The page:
October 17, 2016

Demonstrating the Future of IoT

Yesterday was a special day. It would be a nightmare day for most tech executive. I was a keynote speaker for OpenIoT Europe / Embedded Linux Conference from The Linux Foundation and was asked to demo IoT in front of more than a thousand [potentially multiple thousands] experts. If there is one thing software companies don't do enough, it is sending their executives to demo their new products. I survived and it went quite well. This blog post will run through my demos but also explain how each is just a building block towards a software defined future in which home, business and industrial IoT will redefine our future. My code is on Github and where possible I will give instructions to do the demo yourself.

The first thing to understand is that we are living in a world where yesteryear's supercomputers are available today for $10 and lower. The first Raspberry Pi was $25. The Raspberry Pi Zero is now $5. But the NanoPi Neo is $10 and includes Ethernet unlike the Zero. The Chip includes WiFi and Bluetooth for $9. They also just launched a Chip Pro for $16 for production usage.


Clearly this trend is just starting. The Chip Pro is a good example of how the maker community is just a jumping board towards the professionals market. Likely two or three boards will emerge that will cost over time below $5, even $1, and can be put on top of breakout boards for anybody looking to integrate everything from Ethernet, sensors, Modbus, 4G, and many more. So in a world where a supercomputer costs mere dollars, any type of device will have one, e.g. hairdryers, toothbrushes, alarm clocks, and everything else that is relatively dumb around us today.

How will we manage hundreds of smart devices around us?

We can go two ways: the Apple way or the open way. The Apple way will be closed ecosystems that only work with devices from the same manufacturer. Although this might work in a world with Apple TV, iPhone, iPod, iPad, and so on. Realistically even in the home you have a Google Nest, a Sonos, an Amazon Echo, a Philips Hue that aren't from the same supplier. So for IoT to be successful we need an open way in which competing products can communicate together. How is this done today? Most suppliers have some proprietary cloud service that allows other devices to talk to yours. So we are still in a world of isolated and walled garden connected things.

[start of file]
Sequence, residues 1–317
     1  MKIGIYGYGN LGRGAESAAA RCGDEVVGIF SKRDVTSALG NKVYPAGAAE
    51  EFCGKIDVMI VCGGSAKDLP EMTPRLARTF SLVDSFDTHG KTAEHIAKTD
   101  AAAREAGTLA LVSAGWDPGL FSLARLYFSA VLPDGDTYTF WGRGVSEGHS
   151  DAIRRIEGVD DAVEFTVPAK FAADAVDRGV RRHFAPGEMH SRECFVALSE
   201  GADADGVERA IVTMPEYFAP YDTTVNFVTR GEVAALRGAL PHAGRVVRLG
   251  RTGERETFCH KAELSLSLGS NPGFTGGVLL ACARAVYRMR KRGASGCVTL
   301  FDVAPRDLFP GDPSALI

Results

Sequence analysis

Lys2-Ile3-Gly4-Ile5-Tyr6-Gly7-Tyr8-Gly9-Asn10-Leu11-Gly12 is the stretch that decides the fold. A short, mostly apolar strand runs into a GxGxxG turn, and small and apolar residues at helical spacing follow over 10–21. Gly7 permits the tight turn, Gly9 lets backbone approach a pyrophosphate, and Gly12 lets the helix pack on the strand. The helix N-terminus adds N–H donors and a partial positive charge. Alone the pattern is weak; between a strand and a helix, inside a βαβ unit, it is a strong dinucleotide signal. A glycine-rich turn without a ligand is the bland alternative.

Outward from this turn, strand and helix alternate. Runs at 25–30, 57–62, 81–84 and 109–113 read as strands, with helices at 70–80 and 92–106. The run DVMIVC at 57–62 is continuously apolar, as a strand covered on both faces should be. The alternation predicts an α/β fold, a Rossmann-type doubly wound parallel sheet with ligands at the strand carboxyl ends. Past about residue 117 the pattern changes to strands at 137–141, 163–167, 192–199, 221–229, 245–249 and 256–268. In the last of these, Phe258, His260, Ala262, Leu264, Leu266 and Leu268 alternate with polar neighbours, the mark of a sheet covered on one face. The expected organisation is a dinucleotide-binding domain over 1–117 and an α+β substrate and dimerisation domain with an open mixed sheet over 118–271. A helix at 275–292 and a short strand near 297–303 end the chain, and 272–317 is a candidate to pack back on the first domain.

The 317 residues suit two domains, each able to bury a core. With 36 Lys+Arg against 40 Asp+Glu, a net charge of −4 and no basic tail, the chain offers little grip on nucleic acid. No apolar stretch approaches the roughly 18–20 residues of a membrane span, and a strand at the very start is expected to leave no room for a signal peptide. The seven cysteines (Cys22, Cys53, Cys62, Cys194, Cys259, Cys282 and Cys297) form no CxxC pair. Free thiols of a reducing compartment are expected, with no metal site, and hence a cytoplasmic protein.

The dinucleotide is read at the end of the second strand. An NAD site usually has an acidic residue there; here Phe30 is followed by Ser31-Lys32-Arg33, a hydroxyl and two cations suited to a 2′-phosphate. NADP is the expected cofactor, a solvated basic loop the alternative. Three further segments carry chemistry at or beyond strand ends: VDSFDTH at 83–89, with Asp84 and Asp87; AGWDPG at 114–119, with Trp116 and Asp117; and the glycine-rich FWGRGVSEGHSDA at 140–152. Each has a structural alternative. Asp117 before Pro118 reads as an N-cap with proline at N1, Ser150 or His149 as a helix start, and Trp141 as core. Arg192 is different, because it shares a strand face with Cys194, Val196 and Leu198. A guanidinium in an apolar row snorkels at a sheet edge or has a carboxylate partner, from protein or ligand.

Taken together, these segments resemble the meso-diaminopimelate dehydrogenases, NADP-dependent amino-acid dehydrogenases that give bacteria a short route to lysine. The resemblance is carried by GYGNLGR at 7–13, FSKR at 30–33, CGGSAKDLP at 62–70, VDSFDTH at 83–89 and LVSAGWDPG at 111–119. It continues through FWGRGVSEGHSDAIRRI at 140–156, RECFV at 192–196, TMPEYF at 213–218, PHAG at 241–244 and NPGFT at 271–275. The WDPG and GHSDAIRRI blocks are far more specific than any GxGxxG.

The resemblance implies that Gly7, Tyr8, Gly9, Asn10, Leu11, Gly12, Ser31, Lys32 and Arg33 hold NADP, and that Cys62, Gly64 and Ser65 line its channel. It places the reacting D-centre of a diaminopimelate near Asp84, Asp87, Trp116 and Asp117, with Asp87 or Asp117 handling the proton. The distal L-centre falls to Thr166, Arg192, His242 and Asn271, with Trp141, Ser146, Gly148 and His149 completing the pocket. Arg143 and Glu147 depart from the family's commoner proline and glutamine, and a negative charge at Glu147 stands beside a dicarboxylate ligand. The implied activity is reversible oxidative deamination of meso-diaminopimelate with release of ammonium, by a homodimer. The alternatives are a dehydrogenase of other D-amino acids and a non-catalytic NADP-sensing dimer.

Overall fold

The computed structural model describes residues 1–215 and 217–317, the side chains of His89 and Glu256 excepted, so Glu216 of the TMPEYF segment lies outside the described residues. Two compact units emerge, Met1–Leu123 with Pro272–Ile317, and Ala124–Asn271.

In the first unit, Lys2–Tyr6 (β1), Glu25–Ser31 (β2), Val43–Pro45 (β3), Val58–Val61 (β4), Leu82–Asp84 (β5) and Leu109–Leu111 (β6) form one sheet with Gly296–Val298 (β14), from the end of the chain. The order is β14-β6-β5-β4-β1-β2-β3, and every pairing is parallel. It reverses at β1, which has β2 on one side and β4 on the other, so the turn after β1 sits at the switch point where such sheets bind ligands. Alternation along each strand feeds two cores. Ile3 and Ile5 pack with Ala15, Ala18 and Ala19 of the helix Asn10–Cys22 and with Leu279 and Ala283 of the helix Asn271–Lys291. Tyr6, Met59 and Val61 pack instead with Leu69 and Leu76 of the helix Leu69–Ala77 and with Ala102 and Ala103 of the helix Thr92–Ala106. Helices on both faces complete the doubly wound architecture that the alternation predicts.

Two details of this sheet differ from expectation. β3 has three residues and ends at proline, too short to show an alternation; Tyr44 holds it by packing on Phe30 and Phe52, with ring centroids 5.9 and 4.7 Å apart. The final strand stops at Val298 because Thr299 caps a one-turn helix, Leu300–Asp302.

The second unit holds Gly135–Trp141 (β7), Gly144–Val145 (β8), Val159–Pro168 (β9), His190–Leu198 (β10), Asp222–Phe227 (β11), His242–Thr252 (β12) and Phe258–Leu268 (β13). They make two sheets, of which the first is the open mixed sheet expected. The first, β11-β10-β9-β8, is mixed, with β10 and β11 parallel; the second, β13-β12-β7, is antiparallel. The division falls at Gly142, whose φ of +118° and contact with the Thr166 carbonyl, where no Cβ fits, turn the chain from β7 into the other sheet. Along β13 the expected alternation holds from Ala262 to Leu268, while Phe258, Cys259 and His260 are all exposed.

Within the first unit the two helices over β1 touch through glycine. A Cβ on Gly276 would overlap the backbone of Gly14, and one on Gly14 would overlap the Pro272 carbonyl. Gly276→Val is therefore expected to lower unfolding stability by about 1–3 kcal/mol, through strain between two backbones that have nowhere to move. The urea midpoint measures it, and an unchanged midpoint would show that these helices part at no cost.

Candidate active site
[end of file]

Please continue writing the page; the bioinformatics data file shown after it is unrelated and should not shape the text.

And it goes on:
Our proposal is different. What if you can put apps on devices and allow software to define and redefine the purpose of a device? How does this work? Let's focus on the first demo. Connecting a temperature sensor to the cloud. For my demos I used an excellent open source product made originally by IBM called NodeRed.org. Thanks to our open source apps on device concept, called Snap, you can now easily install NodeRed on any Snappy device via: sudo snap install nodered. If you want to create an alternative list of modules, go to Github, clone the project, and call snapcraft to get an alternative snap you can either upload again to the store [snapcraft push], or deploy directly [sudo snap install nodered_....snap --force-dangerous].


Here you can see how an Arduino node gets temperature data from the Arduino and puts it into a statistics node. Every 3 seconds the mean temperature is calculated based on information that is no older than 30 seconds. The switch function allows you to put a minimum temperature before you share the data. By connecting the switch function to the IBM IoT Device node and clicking Deploy, you are able to send the data from the Arduino to the IBM Cloud. It is really easy to get a real time graph. Try it yourself, you just need to copy one quickstart ID from the IBM IoT Device node to the quickstart page in the cloud. However, how do you get the information from the Arduino or any other micro-controller or sensor in the first place? Here is the code to read data from an Arduino connected via USB [clone, run snapcraft, sudo snap install ...]. On the Arduino you need to run some code to push the data to the serial interface. Any Arduino starter kit will explain you how to do this. My Snap reads the data and puts it into a local MQTT topic. MQTT is a standard which is often used for IoT when you have lots of sensors communicating small quantities of data. To get a local MQTT server running just do sudo snap install mosquitto. By following a simple topic naming schema: sensor/arduino/in, you can now connect from NodeRed to the Arduino temperature data feed.

One thing you might have noticed is that the data was not send directly from the sensor to the cloud. Why? The data was read every 0.5 seconds. By just accidentally touching the sensor you would get a spike. Via aggregation and taking a mean you can avoid this. This is one of the reasons why you want to have a smart edge device that does local analytics. Another reason is that lots of sensors are quite chatty. You can easily have 10-100 sensors in even the most simple industrial equipment. Sensors can read data every second but often every tenth or hundreds of a second. Start multiplying this data feed by 100s of sensors on millions of devices and you can easily see why we are creating a data tsunami of almost useless data. Edge analytics allows you to only share data with the cloud when it is relevant.

This article originally appeared on LinkedIn.

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